…and all you need is a small sharp knife!
Well, that’s not exactly true as you’ll also need the following:
• A wide basket or container so that you can spread the mushrooms in a single layer to avoid crushing them.
• You’ll definitely need a reference book unless you’re an expert. I recommend ‘Mushrooms of Colorado’ by Vera Stuckey Evanson. If you don’t live in Colorado always do your research before eating anything you find.
• Deep-wood bug repellent – the mosquitoes are the size of kittens in the Colorado high country right now.
• Plenty of drinking water.
• A soft bristle brush to remove the dirt and some paper towel in case they’re a bit soggy and to place them on in the back of your vehicle.
• A friend, if there’s no cell service and you’re in a remote area.
• A firearm, if there’s any chance of a mountain lion, grizzly or Bigfoot.
• A tank full of gas.
• Long pants, long sleeves and water resistant hiking boots.
• A camera.
I’m going to describe how to preserve most of what you find by drying them, plus give you a recipe for ‘duxelles’ – a classic French dish that reduces finely chopped ‘shrooms to a rich dense paste that can be frozen until needed. Incredibly versatile, it can be used for pizza topping, stuffing a baked potato, baked eggs or omelets, mashed potatoes, rice, soups, topping for steaks and burgers; layered between filet and pastry in beef Wellington or salmon ‘en croute’…you get the idea but first, the experience:
Hunting for edible mushrooms in the Colorado high country is far removed from the gentle, misty woodland experience of mushroom hunting in England. For starters, the only creatures your likely to disturb over there are deer, squirrel or rabbit so a shotgun isn’t necessary. The seasons are different as well; here it starts mid July through early September. You can still find them that late in the season but by then they’ve generally blown up into massive, soggy, worm-ridden, footstool-sized things that are not worth all the work needed to clean and dry them.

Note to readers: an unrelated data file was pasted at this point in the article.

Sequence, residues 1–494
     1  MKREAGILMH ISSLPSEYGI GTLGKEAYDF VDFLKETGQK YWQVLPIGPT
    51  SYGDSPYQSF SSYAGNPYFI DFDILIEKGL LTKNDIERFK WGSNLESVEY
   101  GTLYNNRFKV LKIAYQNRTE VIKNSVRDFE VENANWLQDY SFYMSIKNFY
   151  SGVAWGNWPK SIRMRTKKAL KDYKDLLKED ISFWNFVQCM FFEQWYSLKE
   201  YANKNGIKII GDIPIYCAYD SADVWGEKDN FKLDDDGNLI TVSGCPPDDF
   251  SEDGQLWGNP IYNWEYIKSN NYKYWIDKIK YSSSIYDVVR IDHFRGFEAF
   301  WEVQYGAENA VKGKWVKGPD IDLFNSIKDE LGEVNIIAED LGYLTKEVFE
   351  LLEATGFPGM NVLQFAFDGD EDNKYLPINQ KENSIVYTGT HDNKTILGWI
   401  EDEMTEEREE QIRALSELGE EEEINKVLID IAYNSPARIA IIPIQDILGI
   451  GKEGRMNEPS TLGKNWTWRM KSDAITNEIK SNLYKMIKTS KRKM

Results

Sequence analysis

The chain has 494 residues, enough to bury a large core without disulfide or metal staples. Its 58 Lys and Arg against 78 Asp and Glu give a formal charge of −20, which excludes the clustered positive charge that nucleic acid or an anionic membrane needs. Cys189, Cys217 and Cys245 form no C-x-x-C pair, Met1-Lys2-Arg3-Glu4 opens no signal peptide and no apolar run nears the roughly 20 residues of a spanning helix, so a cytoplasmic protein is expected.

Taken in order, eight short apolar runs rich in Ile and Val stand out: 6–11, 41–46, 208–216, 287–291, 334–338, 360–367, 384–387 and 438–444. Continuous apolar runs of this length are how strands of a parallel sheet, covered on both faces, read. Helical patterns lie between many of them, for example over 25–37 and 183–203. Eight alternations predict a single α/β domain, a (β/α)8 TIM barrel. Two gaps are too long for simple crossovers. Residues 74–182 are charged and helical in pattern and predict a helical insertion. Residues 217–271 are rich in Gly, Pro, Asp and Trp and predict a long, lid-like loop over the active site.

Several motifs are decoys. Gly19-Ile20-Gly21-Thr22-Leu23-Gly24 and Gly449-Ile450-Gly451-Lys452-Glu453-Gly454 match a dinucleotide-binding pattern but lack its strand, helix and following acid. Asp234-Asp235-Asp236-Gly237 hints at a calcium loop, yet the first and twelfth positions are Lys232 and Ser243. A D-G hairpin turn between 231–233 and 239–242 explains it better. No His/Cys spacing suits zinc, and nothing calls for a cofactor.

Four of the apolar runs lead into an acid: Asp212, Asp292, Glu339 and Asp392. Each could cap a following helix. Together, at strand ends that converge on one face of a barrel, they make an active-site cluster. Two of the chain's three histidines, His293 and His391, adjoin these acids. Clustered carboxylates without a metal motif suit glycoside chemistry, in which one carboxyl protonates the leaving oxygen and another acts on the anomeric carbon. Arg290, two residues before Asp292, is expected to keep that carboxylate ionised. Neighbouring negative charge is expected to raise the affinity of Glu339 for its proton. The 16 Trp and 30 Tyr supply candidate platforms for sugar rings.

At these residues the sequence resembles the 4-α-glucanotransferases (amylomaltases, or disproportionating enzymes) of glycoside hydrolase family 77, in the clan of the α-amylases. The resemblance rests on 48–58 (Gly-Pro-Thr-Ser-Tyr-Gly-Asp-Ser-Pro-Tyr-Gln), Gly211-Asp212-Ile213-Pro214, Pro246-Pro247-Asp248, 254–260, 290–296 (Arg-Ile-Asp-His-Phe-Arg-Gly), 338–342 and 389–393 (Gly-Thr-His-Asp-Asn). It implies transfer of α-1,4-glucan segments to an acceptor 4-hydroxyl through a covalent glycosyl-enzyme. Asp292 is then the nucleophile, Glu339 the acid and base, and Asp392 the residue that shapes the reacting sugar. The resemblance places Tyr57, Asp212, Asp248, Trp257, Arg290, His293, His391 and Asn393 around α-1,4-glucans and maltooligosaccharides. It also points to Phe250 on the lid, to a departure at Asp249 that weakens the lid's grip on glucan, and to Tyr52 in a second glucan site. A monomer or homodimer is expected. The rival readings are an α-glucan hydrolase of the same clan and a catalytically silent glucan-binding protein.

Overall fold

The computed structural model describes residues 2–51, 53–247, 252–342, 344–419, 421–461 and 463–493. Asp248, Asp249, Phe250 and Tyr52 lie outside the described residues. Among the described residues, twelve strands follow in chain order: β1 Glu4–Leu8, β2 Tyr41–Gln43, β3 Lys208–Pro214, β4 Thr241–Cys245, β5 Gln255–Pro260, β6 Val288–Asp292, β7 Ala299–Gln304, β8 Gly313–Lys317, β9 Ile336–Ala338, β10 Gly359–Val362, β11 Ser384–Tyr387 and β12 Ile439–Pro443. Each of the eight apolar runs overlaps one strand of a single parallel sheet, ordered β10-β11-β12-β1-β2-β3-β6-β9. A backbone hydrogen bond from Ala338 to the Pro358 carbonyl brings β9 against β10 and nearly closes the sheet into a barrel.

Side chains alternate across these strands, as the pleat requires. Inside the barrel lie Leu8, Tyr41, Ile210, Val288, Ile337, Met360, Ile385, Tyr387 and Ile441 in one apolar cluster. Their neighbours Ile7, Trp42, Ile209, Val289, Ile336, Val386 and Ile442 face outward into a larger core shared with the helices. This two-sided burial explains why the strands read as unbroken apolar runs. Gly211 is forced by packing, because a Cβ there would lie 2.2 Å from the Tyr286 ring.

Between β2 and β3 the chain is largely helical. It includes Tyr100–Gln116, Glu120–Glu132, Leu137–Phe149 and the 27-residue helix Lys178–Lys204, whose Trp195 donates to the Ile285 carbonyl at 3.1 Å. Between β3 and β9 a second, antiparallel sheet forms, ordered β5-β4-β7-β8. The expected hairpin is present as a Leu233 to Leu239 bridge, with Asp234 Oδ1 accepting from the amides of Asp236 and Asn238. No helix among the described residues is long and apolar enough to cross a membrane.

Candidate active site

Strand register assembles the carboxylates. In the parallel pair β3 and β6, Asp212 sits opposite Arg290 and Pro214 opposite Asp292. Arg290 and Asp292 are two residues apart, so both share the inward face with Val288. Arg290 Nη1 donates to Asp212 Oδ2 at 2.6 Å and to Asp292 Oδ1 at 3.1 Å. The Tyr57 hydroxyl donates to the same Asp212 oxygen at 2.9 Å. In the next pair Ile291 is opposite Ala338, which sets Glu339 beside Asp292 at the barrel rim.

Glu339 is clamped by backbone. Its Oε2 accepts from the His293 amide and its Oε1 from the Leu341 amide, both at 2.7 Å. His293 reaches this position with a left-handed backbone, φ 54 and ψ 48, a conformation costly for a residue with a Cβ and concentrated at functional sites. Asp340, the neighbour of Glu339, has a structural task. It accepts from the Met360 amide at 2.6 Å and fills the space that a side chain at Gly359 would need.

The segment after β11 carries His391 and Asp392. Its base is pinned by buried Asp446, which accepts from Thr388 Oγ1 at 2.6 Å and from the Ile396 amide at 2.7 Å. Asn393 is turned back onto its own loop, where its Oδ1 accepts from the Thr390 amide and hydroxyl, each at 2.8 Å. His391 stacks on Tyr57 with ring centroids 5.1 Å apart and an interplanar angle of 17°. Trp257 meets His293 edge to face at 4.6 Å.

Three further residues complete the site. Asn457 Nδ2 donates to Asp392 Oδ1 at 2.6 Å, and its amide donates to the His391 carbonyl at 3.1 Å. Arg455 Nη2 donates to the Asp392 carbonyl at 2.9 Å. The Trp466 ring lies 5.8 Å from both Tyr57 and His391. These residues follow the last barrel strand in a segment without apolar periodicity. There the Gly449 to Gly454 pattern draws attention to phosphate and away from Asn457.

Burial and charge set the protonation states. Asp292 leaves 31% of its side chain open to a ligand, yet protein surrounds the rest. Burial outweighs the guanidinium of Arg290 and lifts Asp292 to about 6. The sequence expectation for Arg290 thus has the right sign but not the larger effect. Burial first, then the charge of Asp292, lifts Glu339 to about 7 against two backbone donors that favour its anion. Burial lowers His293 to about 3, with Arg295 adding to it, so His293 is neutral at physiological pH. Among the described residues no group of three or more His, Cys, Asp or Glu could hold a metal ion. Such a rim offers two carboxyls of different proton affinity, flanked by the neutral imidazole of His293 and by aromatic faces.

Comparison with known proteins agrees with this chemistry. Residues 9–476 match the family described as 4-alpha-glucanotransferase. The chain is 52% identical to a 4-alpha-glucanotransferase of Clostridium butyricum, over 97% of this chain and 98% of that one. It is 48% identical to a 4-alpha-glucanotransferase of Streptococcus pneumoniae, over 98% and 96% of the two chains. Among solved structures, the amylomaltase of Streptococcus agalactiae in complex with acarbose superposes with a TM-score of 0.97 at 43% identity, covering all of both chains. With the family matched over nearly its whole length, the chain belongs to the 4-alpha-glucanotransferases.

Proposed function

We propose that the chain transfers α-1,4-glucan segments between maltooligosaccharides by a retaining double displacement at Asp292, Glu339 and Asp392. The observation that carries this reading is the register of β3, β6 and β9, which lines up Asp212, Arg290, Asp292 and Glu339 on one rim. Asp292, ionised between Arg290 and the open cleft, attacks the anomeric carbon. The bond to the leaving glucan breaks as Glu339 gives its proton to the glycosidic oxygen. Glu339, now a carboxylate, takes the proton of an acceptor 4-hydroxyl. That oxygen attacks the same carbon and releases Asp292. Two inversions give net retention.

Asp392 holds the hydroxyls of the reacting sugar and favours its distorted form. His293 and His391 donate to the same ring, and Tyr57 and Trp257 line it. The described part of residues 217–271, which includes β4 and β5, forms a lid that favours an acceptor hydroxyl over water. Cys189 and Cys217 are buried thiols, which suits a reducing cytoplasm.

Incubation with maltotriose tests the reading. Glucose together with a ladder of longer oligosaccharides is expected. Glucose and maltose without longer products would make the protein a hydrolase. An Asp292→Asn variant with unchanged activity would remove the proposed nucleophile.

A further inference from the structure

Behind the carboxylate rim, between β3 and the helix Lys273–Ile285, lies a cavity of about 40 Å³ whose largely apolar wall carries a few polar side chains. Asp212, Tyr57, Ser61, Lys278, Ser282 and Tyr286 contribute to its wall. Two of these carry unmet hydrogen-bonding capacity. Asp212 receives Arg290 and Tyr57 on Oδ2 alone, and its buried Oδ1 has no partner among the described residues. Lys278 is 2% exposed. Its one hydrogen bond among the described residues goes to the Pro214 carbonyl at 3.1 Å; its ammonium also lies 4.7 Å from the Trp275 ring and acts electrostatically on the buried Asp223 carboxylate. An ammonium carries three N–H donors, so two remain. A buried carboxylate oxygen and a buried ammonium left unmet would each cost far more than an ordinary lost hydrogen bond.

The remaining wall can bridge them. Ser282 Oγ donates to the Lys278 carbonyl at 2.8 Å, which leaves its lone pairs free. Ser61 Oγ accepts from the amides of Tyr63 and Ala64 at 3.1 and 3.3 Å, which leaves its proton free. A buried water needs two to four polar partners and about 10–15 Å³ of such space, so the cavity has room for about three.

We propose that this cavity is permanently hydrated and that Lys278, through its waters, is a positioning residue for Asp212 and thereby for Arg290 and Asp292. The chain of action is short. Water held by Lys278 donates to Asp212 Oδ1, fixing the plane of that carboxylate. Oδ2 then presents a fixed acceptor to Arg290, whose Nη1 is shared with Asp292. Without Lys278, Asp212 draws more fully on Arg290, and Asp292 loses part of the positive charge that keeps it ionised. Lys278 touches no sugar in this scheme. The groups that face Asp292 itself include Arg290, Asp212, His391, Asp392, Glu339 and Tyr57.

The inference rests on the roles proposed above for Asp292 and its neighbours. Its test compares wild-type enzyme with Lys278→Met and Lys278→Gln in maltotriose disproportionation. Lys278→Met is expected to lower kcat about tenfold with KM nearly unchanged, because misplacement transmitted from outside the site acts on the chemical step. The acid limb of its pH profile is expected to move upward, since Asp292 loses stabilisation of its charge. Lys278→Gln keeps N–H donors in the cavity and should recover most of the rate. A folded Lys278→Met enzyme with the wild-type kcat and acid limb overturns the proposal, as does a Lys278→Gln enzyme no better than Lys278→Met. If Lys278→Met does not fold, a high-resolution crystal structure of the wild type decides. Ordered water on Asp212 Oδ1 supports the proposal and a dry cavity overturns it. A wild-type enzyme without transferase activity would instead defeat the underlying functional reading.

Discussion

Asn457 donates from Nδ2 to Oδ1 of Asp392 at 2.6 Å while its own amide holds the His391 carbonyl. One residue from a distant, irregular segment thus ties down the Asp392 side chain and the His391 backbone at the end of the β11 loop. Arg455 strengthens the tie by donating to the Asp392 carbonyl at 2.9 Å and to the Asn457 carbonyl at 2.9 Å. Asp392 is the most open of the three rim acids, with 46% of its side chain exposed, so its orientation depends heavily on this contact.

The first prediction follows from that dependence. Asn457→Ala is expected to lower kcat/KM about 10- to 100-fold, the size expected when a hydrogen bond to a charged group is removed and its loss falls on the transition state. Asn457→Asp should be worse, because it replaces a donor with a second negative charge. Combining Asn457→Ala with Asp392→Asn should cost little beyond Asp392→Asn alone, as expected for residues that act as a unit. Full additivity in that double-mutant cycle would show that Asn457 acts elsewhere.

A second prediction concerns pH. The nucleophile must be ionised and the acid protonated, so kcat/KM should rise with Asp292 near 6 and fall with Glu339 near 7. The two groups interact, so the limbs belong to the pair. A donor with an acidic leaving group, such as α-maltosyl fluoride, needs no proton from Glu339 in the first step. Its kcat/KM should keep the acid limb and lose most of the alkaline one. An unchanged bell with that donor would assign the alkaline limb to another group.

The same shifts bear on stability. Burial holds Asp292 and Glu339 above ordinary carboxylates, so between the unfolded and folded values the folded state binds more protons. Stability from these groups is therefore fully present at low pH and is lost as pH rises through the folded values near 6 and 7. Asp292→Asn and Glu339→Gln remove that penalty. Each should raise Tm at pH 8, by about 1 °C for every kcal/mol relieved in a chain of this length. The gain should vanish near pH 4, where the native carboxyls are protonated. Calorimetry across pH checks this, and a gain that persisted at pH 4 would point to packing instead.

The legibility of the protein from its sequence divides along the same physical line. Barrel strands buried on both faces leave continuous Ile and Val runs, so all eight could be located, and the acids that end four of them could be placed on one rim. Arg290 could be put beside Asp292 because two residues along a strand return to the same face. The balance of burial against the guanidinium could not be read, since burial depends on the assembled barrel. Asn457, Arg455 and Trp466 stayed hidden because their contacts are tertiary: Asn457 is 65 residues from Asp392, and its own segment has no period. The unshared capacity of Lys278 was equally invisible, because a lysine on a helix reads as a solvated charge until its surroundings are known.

I only hunt for ‘porcini’ (Latin name, boletus edulis) that grow in pine forests in Colorado. I’d never turn my nose up at a clump of oyster mushrooms growing on a log, a golden patch of chanterelles, or a morel but I haven’t come across any of those here as yet.
In the UK porcini are a bit harder to find as they tend to lurk amongst the fallen brown Beech leaves from early to late fall. This is challenging as they’re the same color as the leaves that they’re hiding under and nine times out of ten it’s raining, so the experience is usually a wet one. Sharp eyesight is needed and a Barbour and wellies are essential gear. If you aren’t familiar with either item, let me explain; a Barbour is a waxed, thorn-proof, windproof, waterproof hunting jacket with enough deep pockets to stuff a brace of pheasant, a flask of hot coffee with brandy, assorted knives and mushroom cleaning tools, a cheese and pickle sandwich, first aid kit, keys, cell phone, camera and some rope. I like to carry rope in case I meet someone who asks “Hello, I need help – do you happen to have any rope?” Wellies are knee high rubber boots and are 100% waterproof. Enough of the nostalgia – now back to Colorado….
Aside from large predators, there are some other things to watch out for that can give you a jolt; imagine bending over in dense pine forest and upon standing from gathering a fine specimen that had been hiding in the undergrowth, you find yourself face to face with half a ton of snorting Black Angus. The fact that the occasional cow pat should have been an indicator shows how focused I was on finding ‘shrooms. Very unnerving! And something else totally weird – out of the corner of my eye I spotted an incongruous patch of bright blue in a clearing behind a tree. This turned out to be a 2 ft high portable plastic toilet that someone had positioned by a burned out fire pit. Campers, please! Can you take it with you when you leave?
Anyway to continue; having just made just made my 4th trip to a remote high mountain area this season, I filled the back of my SUV with about 40 lbs weight of the things. Driving for an hour followed by 7 more miles on a dirt road covered with fist sized rocks, is evidence of my determination. The one problem I have is not picking everything I see. A haul of 40 lbs weight is a lot of cleaning and slicing and my weekend is taken up entirely with mushroom related activity.
I avoid any with a cap diameter of more than 6 inches unless they feel really firm to the touch and a quick slice through reveals minimal worm activity. I brush/trim as much dirt away before loading into my car. If it’s been raining, the large ones may have a coating of slime and your hands will acquire an unpleasant brown layer which has to be scrubbed off. If you’re at all squeamish and the sight of a millimeter long white worm waving its face at you sends you shrieking for cover, this is not for you. Fellow intrepid hunters, read on….